A song can tell a story. Whether it be tales of a time before, a lost lover, or a yearning for tomorrow, a musician can tell us a lot when combining their stories with a palpable mood. For Jon Pozzuto, that mood is decidedly a rockin’ one with his latest release, Valley of Empty Cities. The EP sees Pozzuto take us on a wild ride of emotion, fueled by hard rock.
Dead End Train starts it off. A high octane, hard-rockin guitar riff follows a commanding, slammin’ drum beat that continues throughout. The retro-rock feel hits down to the vocals. The smooth, reverb-laced vocals are propped up by the trippy synths that sneak right underneath the rest of the instrumental. Lines such as “I put down my bottle of wine, rubbed the dust outta my eyes, but the train just kept on rollin’, right out of my mind” are delivered smooth as butter and have an upbeat, dreamy quality to them. Dead End Train is a high-energy track that’s hard to not bounce to, if it doesn’t totally lift you out of your seat.
Love and Death follows it up. The melody of a harmonica kicks the track off, followed by a soul-fueled guitar riff. This sets up the rambling beat behind it well as the vocals take the lead. While the vocal aesthetic remains the same, the mood of the track is totally different. The lyrics are full of emotion, with lines such as “you won’t end up forgotten, but I can’t pretend you care. I’ll keep my finest memories locked away somewhere ” hitting hard, especially when backed up by contemplative instrumentals. This beat never loses that signature retro-rock aesthetic, however, giving it a personality all its own. The next track is Cemetery grove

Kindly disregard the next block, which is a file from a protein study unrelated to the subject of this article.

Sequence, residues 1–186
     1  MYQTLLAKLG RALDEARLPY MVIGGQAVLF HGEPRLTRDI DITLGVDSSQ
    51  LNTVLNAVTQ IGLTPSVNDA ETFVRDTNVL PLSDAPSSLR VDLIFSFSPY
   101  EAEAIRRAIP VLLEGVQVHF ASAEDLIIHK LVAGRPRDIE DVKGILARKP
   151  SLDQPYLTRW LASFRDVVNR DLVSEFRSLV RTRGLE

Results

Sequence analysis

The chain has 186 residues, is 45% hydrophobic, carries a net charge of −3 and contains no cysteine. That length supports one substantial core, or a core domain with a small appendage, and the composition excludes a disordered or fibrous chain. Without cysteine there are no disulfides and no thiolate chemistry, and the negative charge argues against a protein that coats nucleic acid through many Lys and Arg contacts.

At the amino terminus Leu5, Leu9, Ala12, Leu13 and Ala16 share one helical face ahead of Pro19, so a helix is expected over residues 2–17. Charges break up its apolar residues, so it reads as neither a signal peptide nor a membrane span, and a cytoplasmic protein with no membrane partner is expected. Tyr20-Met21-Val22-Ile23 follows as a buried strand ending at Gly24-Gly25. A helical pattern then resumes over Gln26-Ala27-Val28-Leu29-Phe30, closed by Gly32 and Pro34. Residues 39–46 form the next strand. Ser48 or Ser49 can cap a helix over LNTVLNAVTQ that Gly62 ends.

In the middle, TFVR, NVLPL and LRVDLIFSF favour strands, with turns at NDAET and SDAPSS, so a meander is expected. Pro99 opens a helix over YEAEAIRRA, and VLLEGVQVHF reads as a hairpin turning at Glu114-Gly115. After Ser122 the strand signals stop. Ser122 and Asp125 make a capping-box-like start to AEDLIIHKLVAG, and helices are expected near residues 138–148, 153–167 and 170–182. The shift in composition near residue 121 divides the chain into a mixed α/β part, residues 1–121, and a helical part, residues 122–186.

While the intro is a bit more cinematic, with the sound of a windy storm to bring you into the track, it wastes no time in rocking out. The harmonica once again takes the lead of the instrumental until John Pozzuto’s lyrics come onto the scene. The sunny beats juxtapose an emotional song of loneliness and betrayal, illustrated in lines such as “from a tower of broken dreams, empty promises and lies, I watched you play your games below, like a creature of the night” and the catchy chorus. The guitar solo that leads the track out rocks hard and is unfortunately cut off by more sounds of a windy storm. While it sets the cinematic tone well, it would have been nice to let the solo play out, especially with the title track up next.
Valley of Empty Cities starts with an energetic drumroll. The track then explodes onto the scene with a hard-rockin’ combination of guitars and harmonica. Backed up by slammin’ percussions, it creates the most dynamic and uplifting mood of any track on the EP. The vocals tell a story of nostalgia and a time forgotten, as told in lines such as “tell me an ancient melody that the elders left behind, the fires made in the midnight skies where the children have gone blind. Lines in the catchy chorus such as “this used to be a forest, now it’s a sea of trash” also give the track some bite, with a hard-rockin’ guitar solo that makes the instrument sing. It’s a great outro track that solidifies the attitude and aesthetic of the EP.
From start to finish, Valley of Empty Cities shows that it’s here to rock. High octane guitars and slammin’ drums are met with the smooth melodies of the harmonica and subtle synths that give tracks featuring one, the other or both an extra dash of personality. When combined with the reverb-laced vocals of Pozzuto, tracks can take on the aesthetic of full-blown retro-rock, or a more grounded Americana style to tell meaningful stories through these songs. While not perfect, anyone into rock with a nostalgic edge should give this one a listen.